What’s in a name? If you’re the 107-year-old Swedish brand Volvo Penta, it’s everything. This well-regarded engine manufacturer built its first motor back in 1907 (coincidentally, the same year this magazine launched) when it was called Sköfde Gjuterioch Mekaniska Verkstad. The engine was called the Penta B1, and the name Penta came from the fact that five people were present during the engine’s initial design meetings. Within two years, the company produced its first 20 motors and has been on the leading edge of propulsion technology ever since.
Volvo Penta built its first outboard engine in 1922, selling almost 8,000 units in the initial year of production. Throughout the ensuing decades, the company looked toward inboard gas and diesel propulsion, and by 1954 the manufacturer had built its first turbo diesel.
Building a better mousetrap has always been this company’s forte, and that was particularly noticeable in 1959, when it matched the benefits of outboard propulsion (such as directional thrust) with those of inboard propulsion (an engine protected inside the boat) and created the Aquamatic sterndrive. In 1965 alone, Volvo Penta sold more than 5,000 of its Aquamatic packages to boaters in the United States. To this day, the sterndrive remains a popular engine option on a plethora of sport boats and cruisers.
All of these milestones led to what many of today’s enthusiasts consider one of the most pivotal innovations in pleasure-boat propulsion history: the Volvo Penta Inboard Performance System, now known as IPS and seen regularly around the docks on pod-drive boats.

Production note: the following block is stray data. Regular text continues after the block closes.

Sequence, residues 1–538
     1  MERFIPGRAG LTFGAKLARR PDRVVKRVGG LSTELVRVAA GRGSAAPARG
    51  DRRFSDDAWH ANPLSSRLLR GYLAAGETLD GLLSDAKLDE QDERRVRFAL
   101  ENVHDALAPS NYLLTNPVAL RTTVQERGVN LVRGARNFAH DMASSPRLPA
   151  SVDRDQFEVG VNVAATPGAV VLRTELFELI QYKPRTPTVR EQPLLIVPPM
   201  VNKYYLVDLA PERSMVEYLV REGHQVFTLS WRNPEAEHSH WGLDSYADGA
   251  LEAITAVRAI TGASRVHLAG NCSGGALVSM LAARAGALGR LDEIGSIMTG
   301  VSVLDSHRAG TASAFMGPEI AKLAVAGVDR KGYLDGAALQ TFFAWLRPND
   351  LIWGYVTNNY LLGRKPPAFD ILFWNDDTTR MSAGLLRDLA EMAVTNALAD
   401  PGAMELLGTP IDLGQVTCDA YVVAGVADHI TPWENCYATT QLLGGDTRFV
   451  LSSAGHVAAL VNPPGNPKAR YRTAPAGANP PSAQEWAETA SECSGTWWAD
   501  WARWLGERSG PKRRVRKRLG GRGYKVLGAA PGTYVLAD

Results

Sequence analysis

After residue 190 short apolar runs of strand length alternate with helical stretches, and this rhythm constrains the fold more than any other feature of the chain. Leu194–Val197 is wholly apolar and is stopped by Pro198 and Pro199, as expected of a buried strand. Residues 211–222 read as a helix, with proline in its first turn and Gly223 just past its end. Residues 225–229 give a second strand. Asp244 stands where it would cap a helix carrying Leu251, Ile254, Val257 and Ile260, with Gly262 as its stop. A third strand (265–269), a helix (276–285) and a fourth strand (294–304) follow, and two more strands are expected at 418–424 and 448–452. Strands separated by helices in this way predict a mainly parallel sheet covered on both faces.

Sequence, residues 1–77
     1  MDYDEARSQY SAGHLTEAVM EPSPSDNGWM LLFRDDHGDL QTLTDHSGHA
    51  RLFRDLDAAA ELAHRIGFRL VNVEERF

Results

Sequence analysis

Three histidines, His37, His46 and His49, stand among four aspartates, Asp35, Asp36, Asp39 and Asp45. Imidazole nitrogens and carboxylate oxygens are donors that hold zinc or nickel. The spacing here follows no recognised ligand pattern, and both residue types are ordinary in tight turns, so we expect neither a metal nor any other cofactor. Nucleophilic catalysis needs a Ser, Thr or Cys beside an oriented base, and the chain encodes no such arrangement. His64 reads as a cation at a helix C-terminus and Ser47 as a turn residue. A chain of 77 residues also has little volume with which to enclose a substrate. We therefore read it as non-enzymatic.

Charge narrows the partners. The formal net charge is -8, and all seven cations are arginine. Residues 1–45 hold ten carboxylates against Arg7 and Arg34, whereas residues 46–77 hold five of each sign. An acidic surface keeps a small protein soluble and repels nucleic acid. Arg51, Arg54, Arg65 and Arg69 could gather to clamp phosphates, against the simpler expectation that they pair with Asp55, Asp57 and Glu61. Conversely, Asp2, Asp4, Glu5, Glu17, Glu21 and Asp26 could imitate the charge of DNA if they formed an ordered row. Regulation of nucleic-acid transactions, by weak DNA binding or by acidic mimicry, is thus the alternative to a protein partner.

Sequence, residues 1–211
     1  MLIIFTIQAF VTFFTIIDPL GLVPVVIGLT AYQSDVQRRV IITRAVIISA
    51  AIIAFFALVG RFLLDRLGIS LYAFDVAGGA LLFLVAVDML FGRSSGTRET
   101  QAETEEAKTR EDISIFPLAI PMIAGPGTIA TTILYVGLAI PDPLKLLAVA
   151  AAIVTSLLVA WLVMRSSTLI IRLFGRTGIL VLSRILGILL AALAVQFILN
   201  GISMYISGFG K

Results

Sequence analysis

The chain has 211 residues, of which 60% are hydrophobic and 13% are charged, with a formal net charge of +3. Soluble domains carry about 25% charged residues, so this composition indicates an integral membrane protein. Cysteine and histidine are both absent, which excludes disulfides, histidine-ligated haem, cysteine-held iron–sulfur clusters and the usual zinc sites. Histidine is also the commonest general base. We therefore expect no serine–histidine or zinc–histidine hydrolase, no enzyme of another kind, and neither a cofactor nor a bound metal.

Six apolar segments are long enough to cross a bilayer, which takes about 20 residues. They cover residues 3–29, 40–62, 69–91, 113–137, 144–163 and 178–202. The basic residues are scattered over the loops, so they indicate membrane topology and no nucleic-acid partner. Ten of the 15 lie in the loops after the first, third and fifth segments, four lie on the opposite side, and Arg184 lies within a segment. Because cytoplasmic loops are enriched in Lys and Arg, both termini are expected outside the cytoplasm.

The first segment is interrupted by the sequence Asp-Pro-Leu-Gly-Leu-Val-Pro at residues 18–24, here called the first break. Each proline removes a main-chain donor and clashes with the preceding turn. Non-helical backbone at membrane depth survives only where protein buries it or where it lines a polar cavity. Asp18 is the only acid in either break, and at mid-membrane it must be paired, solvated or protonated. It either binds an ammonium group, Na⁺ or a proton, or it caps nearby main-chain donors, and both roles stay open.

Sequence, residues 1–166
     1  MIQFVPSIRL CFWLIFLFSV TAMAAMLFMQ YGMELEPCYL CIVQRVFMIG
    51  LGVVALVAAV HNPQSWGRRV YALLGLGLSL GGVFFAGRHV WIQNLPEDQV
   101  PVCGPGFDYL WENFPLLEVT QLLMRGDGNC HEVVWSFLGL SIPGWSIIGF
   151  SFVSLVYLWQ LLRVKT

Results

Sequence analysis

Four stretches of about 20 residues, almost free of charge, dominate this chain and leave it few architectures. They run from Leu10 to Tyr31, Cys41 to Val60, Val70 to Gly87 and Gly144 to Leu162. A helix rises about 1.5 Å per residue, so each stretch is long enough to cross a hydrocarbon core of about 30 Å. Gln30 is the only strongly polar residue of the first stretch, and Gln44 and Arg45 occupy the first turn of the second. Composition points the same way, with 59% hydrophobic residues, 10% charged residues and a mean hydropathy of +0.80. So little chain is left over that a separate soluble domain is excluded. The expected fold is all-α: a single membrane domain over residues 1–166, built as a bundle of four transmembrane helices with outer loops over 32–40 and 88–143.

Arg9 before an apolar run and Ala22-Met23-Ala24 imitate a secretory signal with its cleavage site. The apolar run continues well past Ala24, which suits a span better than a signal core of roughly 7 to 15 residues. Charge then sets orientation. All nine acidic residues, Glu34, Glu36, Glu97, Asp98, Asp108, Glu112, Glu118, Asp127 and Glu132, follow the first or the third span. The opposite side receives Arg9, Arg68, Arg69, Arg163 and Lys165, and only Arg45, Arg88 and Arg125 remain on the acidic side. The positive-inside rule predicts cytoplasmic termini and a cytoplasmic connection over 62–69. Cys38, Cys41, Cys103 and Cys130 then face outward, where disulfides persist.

When it was introduced in 2005, IPS had people scratching their heads and trying to understand it. There was the setup’s wild, forward-facing, rotating Duoprop configuration; the design required two giant holes in a yacht’s hull bottom where the system’s pod drives sat secured by massive O-rings; and the engines were either close-coupled to the pods or attached via jack shaft. And then there was an option to drive the boat via fly-by-wire joystick. It looked space-age. But while it appeared futuristic, IPS actually did everything Volvo Penta promised it would.
The genius of directing exhaust out and underwater through the drive made for an odor-free ride. The lack of long shafts and hull-mounted struts helped reduce boat noise overall. This setup was more fuel efficient than a straight-shaft-and-prop system. The joystick enabled a novice boater to control each pod drive individually and — in minutes — to bring a vessel confidently into a slip no matter the wind or current.
Volvo Penta’s IPS has seen incredible growth, from originally propelling midsize cruisers to now moving yachts up to 100 feet length overall. Today, there are about 8,400 IPS-equipped yachts on the water. The popularity of pods has truly helped put more people on the water. The only thing left to ask is, What’s next?